Sramana Mitra: There is one question that I want to ask you today. In the deal flow that you are seeing and your analysis of the market, what are some open problems that you have identified where you are looking for deep tech teams to solve those problems? Are there any that you are looking to invest in?
Karthee Madasamy: We are more thematic than very tight thesis-driven. We look for large deep tech-related transformations in traditional industries like automotive, manufacturing, agriculture, and biology. We don’t try to figure out the exact market problem. We let the entrepreneurs bring that to us. They are the ones on the ground looking at the problem.
With that said, we are looking at areas around agriculture and manufacturing. We see manufacturing going through a transformation over the next few years. In the last few years, we have started to see the seeds being sown. We are looking for companies trying to disrupt that. Another area that we are looking at is computational biology. This is where computer science and vertical engineering are influencing the way drugs are discovered and managed. We are looking at that as well.
We are not a biotech fund, but we are looking for more computer science-led innovation in some of these areas. Those are some of the high-level thematic stuff that we look at. If you look at our first fund, a lot of the theme was around computer vision and video, because we saw the explosion of that. Looking forward, manufacturing, agriculture, a little bit of space, and computational biology are some of the themes are we are looking at.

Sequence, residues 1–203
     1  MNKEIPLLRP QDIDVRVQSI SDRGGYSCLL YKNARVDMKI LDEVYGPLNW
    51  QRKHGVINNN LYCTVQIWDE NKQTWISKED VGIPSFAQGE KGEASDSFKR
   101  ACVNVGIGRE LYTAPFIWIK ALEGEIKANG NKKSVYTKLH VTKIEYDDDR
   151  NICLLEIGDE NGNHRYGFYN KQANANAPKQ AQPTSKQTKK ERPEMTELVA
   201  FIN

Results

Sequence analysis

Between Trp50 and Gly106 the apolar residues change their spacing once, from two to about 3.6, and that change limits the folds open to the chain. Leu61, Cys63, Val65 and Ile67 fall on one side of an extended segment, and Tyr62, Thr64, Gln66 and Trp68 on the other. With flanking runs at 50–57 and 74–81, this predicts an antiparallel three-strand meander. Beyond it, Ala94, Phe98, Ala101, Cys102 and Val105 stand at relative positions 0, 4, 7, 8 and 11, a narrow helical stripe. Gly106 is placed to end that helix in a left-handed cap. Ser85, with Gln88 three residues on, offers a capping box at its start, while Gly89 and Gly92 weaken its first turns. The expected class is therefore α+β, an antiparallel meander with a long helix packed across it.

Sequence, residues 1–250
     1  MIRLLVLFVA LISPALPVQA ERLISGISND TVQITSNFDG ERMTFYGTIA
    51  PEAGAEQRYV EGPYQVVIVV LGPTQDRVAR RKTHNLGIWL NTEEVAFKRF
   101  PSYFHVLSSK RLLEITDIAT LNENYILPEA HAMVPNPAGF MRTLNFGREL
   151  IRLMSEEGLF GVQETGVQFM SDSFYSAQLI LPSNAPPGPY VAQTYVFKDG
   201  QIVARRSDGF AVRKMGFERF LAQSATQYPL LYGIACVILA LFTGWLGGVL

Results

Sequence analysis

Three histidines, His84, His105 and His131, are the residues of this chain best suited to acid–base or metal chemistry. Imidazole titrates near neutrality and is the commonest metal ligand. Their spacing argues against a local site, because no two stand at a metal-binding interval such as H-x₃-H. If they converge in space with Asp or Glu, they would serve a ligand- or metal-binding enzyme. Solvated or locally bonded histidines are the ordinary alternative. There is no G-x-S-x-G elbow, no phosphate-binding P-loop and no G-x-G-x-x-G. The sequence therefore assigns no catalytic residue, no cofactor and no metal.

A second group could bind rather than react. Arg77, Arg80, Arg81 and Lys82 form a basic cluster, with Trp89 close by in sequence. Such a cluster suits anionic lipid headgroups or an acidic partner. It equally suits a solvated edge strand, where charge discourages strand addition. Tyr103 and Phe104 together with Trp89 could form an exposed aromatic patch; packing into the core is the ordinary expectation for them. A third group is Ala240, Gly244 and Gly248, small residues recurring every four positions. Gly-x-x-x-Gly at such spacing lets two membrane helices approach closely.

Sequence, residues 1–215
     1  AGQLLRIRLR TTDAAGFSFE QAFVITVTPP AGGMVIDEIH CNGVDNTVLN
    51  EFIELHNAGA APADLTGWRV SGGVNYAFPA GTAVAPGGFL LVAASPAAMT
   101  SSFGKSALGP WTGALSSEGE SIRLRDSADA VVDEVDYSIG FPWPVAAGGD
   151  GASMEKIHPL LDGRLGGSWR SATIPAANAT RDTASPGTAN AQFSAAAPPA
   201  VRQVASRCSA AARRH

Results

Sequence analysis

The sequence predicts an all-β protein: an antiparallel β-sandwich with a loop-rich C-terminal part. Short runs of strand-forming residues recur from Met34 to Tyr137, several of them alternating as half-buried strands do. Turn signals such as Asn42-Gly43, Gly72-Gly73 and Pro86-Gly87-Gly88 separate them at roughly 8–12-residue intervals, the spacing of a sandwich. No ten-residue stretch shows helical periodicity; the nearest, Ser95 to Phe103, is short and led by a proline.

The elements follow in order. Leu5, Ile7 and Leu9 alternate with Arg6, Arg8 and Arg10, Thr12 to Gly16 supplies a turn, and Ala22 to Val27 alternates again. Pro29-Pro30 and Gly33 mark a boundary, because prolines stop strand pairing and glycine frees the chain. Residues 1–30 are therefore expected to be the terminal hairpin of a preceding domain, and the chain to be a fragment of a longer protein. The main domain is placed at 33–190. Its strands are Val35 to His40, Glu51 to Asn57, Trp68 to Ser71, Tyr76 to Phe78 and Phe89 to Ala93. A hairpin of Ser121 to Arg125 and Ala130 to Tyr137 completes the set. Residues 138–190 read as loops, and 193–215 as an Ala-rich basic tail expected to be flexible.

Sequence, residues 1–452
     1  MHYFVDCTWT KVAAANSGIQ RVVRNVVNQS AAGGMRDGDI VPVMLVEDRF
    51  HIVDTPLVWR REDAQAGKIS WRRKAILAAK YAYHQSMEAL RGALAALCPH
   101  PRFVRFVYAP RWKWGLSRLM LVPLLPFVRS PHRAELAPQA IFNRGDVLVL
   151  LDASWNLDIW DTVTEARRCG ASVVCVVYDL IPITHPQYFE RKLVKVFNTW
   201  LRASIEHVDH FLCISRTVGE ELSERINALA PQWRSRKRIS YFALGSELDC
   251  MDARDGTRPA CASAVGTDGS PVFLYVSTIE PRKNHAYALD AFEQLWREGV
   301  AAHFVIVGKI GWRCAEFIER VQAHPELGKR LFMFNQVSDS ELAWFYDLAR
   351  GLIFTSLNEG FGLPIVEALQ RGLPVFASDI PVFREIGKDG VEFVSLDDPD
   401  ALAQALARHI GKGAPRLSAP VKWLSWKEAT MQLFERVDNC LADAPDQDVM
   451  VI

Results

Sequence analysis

We think that those are some of the themes that we think are large markets that need to be transformed. These are sectors that spend a lot of money as well. There is a lot of work to be done.
Sramana Mitra: Does the team need to be in Silicon Valley? What is your geographical parameter now?
Karthee Madasamy: We work globally. We have partnerships with early-stage funds in India, Israel, and Europe. It does not have to be in Silicon Valley or North America for that matter. We are a North America-focused fund. In early stages, it is hard to manage when you are far away.
That is the one good thing about deep tech. Deep tech is deep tech. If it is applicable for one geography, then it’s going to be applicable in another. The US is also ahead in terms of adopting new technologies. Many of these deep tech companies, wherever they are, have a strong focus in terms of selling to US customers. We look for some plans to be in North America to be helpful as well.
They don’t need to be in Silicon Valley. We just focus on where we can help. If the startup is in India and the product is for customers in India, how can we in Silicon Valley be able to help? In that case, we tend to pass that on. There are no restrictions but we look for areas where we can help. A lot of times, the companies have a North American focus.
Sramana Mitra: Thank you for your time.